Not that there’s much of a relationship to be spoken of… You can only communicate with the other player via usage of a morse code of sorts – pressing Circle will emit a tone and a symbol above your head (different for each of the two players). The longer you hold the button before releasing it, the longer the tone. It’s kind of cutesy at first sight, but essentially useless. Of course, people who are creative and good enough of a team could make great use of it, like play a song together! But it’s still rather weak. I understand that it is fully intentional and that that is simply how these creatures communicate with each other, but it just doesn’t resonate with me. I find it a bit childish – not that this could not be one possible theme of the game, too.
So, ultimately, you are alone. You walk your own path, loosely guided by the higher powers, you encounter other pilgrims and creatures (the playful cloth creatures being actually one of the high notes in the game), but you soon part ways with them and it’s time to go on on your own merits. The vast environment imbues a feeling of insignificance, you are a small person against a huge world full of harsh tests, but you still passionately pursue your goal, you want to reach that peak and experience the glory of having achieved it. Is it a life worth living?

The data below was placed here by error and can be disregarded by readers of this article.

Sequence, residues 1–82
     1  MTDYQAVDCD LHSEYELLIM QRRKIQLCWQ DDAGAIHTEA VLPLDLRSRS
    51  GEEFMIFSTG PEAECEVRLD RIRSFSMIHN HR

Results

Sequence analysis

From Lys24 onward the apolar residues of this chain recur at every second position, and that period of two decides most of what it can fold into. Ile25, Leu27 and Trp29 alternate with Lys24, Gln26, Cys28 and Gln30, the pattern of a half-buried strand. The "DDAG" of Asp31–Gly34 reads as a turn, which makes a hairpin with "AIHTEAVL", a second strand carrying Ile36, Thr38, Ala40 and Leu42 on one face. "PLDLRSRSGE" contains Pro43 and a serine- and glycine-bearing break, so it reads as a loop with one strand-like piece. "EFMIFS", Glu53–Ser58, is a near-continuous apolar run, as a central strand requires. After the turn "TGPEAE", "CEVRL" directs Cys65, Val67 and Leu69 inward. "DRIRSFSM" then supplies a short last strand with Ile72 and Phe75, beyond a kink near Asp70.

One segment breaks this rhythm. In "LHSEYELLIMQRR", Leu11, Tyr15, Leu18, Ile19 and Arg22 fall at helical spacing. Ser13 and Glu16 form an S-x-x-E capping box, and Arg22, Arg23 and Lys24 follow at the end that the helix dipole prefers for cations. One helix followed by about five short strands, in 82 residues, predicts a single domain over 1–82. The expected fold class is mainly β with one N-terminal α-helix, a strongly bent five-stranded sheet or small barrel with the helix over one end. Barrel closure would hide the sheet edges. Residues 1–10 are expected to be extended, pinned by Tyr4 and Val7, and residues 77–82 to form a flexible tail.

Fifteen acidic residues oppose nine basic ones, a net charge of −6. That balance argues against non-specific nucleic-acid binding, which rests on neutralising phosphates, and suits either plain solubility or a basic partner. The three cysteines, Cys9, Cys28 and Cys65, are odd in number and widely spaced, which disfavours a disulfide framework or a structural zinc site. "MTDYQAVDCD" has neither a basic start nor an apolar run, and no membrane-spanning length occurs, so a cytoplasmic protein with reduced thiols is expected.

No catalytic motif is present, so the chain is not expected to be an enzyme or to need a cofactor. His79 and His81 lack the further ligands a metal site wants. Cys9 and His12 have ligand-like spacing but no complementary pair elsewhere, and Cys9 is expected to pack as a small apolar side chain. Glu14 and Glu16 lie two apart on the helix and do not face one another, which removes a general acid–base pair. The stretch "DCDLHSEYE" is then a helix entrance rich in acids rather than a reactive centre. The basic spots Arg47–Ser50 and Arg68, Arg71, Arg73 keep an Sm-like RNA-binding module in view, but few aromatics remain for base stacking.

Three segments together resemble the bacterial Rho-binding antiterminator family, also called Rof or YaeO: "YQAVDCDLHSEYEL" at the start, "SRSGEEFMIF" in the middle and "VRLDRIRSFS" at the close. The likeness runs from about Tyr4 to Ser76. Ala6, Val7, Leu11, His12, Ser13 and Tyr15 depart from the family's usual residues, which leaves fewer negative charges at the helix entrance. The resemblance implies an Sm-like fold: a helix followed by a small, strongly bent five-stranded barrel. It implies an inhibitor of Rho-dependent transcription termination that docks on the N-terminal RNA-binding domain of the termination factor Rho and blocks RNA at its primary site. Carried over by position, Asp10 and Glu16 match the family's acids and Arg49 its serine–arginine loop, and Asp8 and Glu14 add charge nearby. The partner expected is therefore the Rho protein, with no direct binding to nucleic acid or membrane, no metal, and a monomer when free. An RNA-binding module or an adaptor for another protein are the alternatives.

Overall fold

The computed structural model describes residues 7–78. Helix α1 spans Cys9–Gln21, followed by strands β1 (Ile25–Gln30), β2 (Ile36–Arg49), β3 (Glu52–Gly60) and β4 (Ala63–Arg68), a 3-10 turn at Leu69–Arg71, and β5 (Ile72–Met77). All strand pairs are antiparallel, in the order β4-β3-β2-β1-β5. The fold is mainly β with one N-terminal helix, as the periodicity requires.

GAMEPLAY? IT’S MOSTLY MISSING
Journey’s biggest problem has to be the gameplay. It’s just really dull. A lot of the time, you just hold the stick pushed forward as you progress. Your abilities are limited to jumping… And that’s it, unless you count the aforementioned communication with your partner. And even jumping is not possible unless you have “scarf power” to do so. It’s acquired in various ways, such as coming into contact with scarf pieces floating around at certain points (that reminds picking up petals in Flower) or simply being close to your companion. The more scarf power you have, the higher you can jump. But a jump consumes the scarf power and, once it’s depleted, you can’t jump until you replenish some. You jump higher by holding the button longer, but there is a limit to how high you can jump. Your scarf also grows the more you play.